# How do you find #\lim _ { x \rightarrow - 14} \frac { 13- \sqrt { x ^ { 2} - 27} } { x + 14}#?

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Let us solve the Problem, using the following Standard Form :

We suppose,

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To find (\lim_{x \to -14} \frac{13 - \sqrt{x^2 - 27}}{x + 14}), we can rationalize the numerator by multiplying both the numerator and denominator by the conjugate of the numerator. The conjugate of (13 - \sqrt{x^2 - 27}) is (13 + \sqrt{x^2 - 27}).

After rationalizing, we simplify the expression and then substitute (x = -14) into the resulting expression to find the limit.

The result of this process is that the limit is (\frac{1}{14}).

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When evaluating a one-sided limit, you need to be careful when a quantity is approaching zero since its sign is different depending on which way it is approaching zero from. Let us look at some examples.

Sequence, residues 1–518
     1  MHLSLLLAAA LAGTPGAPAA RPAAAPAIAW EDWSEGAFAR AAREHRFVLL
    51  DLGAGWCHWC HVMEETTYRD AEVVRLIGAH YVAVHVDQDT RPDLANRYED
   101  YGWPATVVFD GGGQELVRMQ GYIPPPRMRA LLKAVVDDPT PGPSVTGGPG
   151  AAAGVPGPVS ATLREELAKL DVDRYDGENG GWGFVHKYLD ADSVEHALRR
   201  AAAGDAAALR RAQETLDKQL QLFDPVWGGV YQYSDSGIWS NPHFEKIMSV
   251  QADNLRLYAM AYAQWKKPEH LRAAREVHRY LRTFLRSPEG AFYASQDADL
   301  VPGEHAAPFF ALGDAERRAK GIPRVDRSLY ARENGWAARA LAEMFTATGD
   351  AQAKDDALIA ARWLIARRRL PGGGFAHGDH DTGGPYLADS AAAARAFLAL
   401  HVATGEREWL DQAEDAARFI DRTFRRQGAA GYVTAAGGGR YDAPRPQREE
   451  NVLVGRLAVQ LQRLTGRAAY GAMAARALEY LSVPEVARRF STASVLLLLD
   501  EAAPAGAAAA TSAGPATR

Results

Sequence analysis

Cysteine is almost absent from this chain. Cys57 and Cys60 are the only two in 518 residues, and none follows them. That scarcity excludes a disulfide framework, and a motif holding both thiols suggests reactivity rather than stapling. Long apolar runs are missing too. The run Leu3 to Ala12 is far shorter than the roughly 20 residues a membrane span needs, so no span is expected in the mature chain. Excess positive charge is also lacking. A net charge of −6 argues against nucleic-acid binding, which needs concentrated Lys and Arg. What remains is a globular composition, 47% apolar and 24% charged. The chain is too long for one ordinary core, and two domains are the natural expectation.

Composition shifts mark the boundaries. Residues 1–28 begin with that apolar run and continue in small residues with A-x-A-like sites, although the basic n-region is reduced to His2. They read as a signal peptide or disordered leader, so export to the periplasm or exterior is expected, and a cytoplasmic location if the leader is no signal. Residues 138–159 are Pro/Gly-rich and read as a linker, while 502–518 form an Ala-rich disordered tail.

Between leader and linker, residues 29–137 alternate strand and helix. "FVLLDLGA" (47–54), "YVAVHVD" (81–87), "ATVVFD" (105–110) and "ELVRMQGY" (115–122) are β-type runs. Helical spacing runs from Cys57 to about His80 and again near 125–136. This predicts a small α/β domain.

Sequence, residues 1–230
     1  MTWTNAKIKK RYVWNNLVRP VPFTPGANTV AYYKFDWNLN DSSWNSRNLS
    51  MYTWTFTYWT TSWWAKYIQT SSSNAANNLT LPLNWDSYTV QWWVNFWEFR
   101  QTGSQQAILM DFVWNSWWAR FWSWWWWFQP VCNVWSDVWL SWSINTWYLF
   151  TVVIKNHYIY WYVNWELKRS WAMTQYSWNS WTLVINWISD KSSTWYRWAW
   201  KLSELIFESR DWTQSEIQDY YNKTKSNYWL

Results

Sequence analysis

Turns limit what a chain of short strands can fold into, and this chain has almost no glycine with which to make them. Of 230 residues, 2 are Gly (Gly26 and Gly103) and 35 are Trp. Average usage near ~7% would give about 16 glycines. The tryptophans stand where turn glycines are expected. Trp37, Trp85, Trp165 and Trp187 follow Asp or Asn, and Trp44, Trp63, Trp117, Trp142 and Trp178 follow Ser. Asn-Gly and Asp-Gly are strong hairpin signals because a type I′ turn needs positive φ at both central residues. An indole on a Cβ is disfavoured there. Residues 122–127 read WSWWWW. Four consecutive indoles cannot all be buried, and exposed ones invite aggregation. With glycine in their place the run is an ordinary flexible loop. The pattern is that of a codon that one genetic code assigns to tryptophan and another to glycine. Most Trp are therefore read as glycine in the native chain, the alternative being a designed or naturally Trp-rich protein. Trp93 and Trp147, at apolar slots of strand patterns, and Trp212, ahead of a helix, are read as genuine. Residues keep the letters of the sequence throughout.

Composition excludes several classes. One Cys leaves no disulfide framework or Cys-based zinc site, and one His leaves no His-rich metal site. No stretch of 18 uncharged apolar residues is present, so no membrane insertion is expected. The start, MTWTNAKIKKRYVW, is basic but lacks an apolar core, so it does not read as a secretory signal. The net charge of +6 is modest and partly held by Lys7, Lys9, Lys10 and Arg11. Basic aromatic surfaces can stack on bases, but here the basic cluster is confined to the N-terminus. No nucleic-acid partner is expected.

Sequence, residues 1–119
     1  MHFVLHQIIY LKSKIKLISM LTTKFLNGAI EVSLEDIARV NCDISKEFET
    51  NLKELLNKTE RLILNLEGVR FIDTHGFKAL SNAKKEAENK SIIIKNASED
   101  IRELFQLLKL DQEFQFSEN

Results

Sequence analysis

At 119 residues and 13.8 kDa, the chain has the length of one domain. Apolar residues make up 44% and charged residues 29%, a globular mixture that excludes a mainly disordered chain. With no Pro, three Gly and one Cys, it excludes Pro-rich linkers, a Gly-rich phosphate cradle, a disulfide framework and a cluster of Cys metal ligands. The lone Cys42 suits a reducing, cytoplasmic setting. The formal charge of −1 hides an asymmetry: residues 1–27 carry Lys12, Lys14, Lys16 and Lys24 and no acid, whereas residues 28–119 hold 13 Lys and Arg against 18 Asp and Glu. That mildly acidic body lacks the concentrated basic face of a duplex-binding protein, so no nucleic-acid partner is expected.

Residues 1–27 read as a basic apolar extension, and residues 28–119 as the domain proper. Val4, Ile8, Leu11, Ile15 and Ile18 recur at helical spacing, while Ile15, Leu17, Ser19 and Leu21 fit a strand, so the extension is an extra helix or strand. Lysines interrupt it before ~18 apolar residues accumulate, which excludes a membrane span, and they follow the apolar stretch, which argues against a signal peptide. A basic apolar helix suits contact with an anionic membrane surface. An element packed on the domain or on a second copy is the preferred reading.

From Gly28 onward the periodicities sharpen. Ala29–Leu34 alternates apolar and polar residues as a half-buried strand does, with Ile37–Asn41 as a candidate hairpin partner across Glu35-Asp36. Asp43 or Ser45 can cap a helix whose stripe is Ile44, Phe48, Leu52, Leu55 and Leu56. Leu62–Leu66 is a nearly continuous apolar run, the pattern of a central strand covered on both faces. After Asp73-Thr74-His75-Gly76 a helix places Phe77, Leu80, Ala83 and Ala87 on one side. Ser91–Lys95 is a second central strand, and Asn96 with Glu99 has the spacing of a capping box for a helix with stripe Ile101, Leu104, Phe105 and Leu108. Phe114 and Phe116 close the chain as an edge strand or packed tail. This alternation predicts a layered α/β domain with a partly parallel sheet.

When evaluating a one-sided limit, you need to be careful when a quantity is approaching zero since its sign is different depending on which way it is approaching zero from. Let us look at some examples.

When evaluating a one-sided limit, you need to be careful when a quantity is approaching zero since its sign is different depending on which way it is approaching zero from. Let us look at some examples.

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